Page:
Documentarian Alex Gibney (ENRON: THE SMARTEST GUYS IN THE ROOM, TAXI TO THE DARK SIDE) has a convincing but controversial thesis. That the enemies Eliot Spitzer made on Wall Street as New York Attorney-General, and in Albany as New York State Governor, combined to bring him down - exploiting his use of prostitutes with a FBI inquiry that was maliciously leaked to the press. Spitzer himself comes across as less melodramatic. He takes ownership of his mistakes, though unwilling to be drawn on the psychology behind them. He is also less than candid about how pugnacious he truly was as Attorney-General and State Governor. He comes across as an idealistic man who resorted to a thug-fight, and naively seems surprised that the people he bruised would resort to the same vicious tactics to exploit his mistakes. Spitzer is not a man one necessarily warms to, but was essentially right to throw a searchlight on Wall Street. And it says something that he was willing to give Alex Gibney an interview.
The people who come off far worse than Spitzer are those Spitzer opposed - notably Frank Langone and Hank Greenberg - titans of Wall Street who resented Spitzer's legal cases against their fraudulent behaviour - fraud that has since been exposed in the 2008 financial crash. They come across as venal, smug, and crowing over his defeat. By comparison, Spitzer's political opponent, New York Senator Joe Bruno, since convicted of fraud, comes across as a mere second-tier fraudster. The prostitute, "Kristen" or Ashley Dupree, also comes off as a slick media-manipulator, eager to cash in on her new-found fame, enabled by the right wing media who love nothing more than to keep her in the public profile and thus keep Spitzer's name tarnished.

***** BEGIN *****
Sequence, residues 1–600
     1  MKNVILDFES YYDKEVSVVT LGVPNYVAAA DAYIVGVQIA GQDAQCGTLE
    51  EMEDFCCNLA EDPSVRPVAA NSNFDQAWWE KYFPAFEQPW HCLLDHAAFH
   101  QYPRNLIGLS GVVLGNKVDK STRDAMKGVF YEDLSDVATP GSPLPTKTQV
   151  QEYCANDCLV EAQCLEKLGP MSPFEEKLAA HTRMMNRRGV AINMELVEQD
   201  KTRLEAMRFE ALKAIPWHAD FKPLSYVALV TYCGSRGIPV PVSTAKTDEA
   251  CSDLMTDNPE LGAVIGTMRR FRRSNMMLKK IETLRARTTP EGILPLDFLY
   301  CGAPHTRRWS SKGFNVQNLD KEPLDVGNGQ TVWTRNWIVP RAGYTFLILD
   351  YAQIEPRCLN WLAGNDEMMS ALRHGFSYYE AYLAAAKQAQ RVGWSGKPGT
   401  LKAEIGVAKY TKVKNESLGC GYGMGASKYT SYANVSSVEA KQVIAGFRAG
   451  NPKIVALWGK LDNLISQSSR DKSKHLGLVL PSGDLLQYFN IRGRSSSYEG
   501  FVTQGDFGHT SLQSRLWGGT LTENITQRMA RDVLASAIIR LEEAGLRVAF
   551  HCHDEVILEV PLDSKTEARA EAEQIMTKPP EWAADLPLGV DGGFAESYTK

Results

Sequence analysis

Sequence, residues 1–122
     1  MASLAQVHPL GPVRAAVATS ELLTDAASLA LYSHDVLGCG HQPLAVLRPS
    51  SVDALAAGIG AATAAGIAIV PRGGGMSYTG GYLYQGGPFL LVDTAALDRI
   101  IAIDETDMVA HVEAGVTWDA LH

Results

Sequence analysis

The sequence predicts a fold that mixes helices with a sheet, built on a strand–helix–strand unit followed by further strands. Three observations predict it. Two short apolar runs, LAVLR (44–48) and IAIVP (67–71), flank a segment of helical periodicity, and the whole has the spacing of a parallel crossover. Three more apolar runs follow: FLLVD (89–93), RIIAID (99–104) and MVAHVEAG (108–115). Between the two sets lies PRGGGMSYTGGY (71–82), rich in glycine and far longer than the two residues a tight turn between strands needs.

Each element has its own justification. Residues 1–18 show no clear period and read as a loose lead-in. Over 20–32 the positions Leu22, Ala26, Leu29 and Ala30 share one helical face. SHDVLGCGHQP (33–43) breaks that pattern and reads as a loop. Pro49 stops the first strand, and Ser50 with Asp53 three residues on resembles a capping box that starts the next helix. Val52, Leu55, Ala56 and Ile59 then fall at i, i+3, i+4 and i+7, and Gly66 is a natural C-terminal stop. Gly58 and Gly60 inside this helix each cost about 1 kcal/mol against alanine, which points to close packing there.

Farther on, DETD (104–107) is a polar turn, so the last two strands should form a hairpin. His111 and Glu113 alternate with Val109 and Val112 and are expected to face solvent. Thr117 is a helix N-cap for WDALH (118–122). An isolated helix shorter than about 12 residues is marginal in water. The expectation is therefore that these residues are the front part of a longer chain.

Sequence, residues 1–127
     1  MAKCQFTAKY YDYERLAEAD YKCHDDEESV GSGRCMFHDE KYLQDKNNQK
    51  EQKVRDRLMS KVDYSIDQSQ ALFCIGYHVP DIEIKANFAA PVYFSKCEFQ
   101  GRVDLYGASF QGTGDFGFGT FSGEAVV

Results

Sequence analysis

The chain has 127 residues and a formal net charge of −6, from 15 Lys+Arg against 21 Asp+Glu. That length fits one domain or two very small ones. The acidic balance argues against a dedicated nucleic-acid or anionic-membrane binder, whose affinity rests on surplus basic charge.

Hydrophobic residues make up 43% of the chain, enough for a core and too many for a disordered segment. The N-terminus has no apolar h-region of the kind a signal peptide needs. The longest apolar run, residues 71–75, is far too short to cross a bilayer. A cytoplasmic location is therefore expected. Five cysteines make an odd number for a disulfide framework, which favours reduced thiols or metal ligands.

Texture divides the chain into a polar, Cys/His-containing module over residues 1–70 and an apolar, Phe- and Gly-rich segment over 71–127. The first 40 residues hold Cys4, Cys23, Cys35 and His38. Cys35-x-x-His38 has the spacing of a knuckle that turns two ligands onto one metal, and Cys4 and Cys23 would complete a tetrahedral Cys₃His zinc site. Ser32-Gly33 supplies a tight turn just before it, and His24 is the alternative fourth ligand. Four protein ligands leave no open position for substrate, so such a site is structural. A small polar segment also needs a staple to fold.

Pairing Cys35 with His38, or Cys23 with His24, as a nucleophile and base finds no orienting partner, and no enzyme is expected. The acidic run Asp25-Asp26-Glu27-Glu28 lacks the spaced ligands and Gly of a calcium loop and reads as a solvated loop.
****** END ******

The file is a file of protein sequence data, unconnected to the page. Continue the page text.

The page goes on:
The biggest surprise of the documentary was the prostitute that Spitzer sought out most frequently and who appears in the doc played by an actress to protect her identity. She comes across as smart, empowered, with enough integrity to spurn the media and just get on with her life. I guess it says something about the modern-day corruption of the politico-economic establishment when a whore is the most sane, selfless and intelligent voice in the room.
The resulting documentary is an even-handed tale of hubris and nemesis. Spitzer made his own mistakes, but the people he pissed off took full advantage. Does it need to be two hours long? It certainly lost pace in the second hour. Does it need to be seen on the big screen? No. Gibney produces very high quality work, but this could easily be seen on the small screen. But for all that, this is a film that tells its story meticulously, has the air of truth about it, and educated me about the intricacies of Spitzer's downfall. Although I had followed his case closely at the time, it was fascinating to see a well researched documentary take us through the planted media stories and behind the scenes.
CLIENT 9: THE RISE AND FALL OF ELIOT SPITZER played Toronto 2010 and went on release in the US and Canada last November. It is currently on release in the UK and has been released on Region 1 DVD.